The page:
That's roughly three times the sticker price of the car when new.
The Dodge Demon is no longer in production and for the new model year, Dodge has the more civilized Challenger SRT Super Stock, which takes the Nitto drag radials and widebody kit from the Demon. Regardless of the Challenger - or Dodge in general - you are after, if you live in Europe, it’s basically a forbidden fruit. Unless you are ready to pay more than three times the sticker price of the muscle car.
Case in point, there’s a Dodge Demon currently listed for sale in Norway. It’s from the 2018 model year and comes from the dealer with a five-year warranty. The price is 2,740,000 Norwegian Krones (NOK), which is approximately $287,757 at the current exchange rates. As a quick reminder, when the Demon was still on the assembly lines, it had a price tag of $84,995.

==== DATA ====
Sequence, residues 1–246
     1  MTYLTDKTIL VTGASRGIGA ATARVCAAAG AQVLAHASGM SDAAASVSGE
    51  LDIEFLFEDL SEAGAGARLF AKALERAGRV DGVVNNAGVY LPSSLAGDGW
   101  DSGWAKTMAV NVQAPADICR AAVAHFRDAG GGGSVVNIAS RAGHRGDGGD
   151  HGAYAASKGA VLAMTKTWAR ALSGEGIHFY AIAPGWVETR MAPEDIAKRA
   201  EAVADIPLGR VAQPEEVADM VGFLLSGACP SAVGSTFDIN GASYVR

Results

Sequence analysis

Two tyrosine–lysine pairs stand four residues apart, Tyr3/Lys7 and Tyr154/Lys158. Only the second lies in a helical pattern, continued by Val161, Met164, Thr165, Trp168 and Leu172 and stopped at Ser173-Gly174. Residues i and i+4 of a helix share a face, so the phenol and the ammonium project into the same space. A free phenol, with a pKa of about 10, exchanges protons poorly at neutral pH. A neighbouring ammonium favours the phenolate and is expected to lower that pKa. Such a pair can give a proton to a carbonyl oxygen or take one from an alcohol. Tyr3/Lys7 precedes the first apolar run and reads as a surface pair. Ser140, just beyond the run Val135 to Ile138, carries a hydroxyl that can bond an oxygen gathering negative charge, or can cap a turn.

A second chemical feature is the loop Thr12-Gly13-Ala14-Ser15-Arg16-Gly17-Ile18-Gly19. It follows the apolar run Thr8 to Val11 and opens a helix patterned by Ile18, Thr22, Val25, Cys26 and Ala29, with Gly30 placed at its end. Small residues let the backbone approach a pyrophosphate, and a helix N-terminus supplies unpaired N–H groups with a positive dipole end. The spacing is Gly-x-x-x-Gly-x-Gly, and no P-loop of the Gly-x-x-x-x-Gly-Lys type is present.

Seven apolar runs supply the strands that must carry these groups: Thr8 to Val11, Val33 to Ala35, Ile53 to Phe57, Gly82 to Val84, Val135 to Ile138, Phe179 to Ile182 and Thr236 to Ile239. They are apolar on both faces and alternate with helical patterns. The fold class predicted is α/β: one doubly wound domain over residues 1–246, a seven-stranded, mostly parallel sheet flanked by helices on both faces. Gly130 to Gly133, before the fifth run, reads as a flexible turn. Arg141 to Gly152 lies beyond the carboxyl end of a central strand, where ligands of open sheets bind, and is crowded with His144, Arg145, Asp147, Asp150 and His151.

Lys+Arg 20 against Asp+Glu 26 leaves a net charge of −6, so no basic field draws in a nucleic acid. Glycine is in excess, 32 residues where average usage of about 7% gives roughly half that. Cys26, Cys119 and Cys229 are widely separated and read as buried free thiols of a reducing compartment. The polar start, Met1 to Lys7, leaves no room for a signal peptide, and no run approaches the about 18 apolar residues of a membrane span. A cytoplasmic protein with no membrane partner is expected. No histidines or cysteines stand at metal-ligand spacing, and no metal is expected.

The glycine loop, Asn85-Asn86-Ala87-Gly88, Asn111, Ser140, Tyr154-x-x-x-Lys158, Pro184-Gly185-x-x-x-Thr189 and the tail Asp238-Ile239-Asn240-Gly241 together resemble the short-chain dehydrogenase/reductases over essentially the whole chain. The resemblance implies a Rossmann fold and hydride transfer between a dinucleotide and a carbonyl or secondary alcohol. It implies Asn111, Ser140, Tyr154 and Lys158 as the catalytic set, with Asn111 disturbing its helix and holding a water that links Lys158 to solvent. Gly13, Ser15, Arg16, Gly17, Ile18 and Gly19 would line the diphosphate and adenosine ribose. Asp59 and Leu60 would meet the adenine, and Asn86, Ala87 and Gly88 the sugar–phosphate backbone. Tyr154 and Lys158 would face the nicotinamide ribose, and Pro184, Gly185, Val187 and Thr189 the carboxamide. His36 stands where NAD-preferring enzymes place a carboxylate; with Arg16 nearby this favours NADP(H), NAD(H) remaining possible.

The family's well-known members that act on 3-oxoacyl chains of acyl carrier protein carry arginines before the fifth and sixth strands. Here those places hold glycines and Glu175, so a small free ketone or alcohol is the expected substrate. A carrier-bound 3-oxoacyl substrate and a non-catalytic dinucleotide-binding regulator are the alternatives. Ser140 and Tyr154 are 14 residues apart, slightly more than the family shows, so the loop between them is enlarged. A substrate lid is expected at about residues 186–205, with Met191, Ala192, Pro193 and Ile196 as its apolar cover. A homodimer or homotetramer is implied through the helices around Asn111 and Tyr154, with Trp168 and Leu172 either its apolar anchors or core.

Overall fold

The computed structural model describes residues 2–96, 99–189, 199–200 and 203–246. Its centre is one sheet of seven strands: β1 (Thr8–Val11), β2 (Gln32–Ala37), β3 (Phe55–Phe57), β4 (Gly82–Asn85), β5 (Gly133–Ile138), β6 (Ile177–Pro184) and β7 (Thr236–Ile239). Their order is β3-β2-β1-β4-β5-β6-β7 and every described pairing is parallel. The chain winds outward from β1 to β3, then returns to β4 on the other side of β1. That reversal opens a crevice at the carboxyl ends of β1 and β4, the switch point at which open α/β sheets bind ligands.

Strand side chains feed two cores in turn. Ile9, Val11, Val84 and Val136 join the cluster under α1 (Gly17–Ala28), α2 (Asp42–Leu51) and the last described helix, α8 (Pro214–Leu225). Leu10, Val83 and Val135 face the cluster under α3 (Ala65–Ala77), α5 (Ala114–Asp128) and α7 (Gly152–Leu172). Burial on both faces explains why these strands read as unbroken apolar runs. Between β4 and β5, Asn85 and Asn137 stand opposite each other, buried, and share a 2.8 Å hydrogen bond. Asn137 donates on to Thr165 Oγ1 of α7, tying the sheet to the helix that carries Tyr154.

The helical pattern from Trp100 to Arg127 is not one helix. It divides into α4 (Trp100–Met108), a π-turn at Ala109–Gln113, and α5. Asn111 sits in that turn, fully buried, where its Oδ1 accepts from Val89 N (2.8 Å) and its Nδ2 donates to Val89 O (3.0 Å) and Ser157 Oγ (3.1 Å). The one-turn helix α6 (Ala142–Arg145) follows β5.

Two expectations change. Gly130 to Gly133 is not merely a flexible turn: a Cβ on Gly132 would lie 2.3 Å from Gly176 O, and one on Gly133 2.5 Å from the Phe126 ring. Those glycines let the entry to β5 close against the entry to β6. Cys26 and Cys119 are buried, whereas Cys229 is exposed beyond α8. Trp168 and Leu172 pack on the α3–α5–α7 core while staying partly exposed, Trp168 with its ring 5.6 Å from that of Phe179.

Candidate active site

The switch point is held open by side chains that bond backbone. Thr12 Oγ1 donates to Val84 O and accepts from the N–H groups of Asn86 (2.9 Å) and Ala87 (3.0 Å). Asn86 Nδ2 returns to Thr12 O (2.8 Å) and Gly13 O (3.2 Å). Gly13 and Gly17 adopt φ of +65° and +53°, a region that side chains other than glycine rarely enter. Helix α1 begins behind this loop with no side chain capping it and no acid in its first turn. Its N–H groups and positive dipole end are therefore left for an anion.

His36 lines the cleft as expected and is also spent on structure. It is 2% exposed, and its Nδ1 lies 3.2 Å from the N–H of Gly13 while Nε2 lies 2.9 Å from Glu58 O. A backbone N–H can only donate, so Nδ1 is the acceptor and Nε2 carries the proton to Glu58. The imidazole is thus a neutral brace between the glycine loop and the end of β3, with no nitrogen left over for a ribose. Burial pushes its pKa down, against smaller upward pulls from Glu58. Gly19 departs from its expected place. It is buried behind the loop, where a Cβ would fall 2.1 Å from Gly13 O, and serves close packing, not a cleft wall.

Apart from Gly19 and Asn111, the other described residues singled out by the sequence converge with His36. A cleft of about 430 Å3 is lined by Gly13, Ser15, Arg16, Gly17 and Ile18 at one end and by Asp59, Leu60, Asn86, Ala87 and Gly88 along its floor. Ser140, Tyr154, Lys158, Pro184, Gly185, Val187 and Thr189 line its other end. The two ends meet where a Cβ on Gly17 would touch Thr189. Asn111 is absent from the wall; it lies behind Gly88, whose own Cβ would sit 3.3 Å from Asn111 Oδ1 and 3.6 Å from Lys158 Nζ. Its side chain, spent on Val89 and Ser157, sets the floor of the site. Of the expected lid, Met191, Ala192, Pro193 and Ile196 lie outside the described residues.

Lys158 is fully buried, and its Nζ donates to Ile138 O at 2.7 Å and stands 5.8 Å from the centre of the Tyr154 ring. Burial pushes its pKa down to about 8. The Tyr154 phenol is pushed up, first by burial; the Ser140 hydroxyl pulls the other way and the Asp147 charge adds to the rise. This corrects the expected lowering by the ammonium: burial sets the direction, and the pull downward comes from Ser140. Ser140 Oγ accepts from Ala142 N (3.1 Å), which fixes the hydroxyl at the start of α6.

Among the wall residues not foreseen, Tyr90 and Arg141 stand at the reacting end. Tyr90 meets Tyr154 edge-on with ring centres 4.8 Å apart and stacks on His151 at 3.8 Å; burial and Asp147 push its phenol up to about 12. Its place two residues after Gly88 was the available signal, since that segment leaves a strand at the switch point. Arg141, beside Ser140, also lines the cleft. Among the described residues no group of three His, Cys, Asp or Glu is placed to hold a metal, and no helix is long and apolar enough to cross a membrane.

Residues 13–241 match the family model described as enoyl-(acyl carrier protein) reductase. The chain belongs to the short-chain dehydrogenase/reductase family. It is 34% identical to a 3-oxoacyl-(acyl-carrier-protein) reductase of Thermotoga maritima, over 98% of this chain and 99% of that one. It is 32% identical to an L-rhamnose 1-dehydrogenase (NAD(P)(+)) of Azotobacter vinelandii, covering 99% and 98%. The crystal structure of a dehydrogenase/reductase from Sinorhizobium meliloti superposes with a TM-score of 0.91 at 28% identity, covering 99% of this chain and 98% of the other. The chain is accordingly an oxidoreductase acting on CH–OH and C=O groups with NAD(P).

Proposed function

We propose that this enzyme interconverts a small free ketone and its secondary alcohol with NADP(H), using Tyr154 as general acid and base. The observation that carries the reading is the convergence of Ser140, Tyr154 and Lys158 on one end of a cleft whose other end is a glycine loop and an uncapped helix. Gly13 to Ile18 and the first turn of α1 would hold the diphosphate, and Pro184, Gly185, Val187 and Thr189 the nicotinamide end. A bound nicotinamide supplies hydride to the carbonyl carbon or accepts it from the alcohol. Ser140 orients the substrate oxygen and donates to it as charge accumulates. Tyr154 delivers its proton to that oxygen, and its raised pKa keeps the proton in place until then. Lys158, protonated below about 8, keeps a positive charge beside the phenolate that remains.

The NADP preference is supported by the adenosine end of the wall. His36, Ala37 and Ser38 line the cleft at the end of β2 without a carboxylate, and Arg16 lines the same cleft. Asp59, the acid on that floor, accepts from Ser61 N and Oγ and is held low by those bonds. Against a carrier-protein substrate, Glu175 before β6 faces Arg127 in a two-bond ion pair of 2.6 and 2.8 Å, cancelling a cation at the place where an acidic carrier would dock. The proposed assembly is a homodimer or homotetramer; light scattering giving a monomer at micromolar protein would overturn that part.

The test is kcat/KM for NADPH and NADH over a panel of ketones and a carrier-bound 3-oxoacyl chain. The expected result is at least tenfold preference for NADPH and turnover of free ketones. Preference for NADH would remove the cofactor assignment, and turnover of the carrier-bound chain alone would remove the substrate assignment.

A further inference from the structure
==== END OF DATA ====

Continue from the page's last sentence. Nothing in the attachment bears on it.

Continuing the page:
Here comes the very reasonable question - why is that car so expensive in Norway when you can basically buy two Demons for the same price in the United States. The simple answer is the country’s tax system, which has at least seven components - value-added tax, weight-based tax, power-based tax, CO2-based tax, NOx-based tax, registration plates, and scrappage tax.
Gallery: Dodge Demon for sale in Norway
The biggest of these components is the CO2-based tax - obviously, the higher the CO2 emissions, the higher the tax. And in the case of the Demon with its 6.2-liter V8, you can only imagine how massive this burden is in Norway. Add to that the horsepower-based tax and this is how you end up paying close to $300,000 for a car that cost $85,000 when new.
The car itself is said to be in pristine condition with just 3,000 miles on the odometer. It is number 914 of 3,314 produced and it will definitely be an impressive sight on the country’s Norway. If only there's someone ready to pay the money.
save over $3,400 on average off MSRP* on a new Dodge Challenger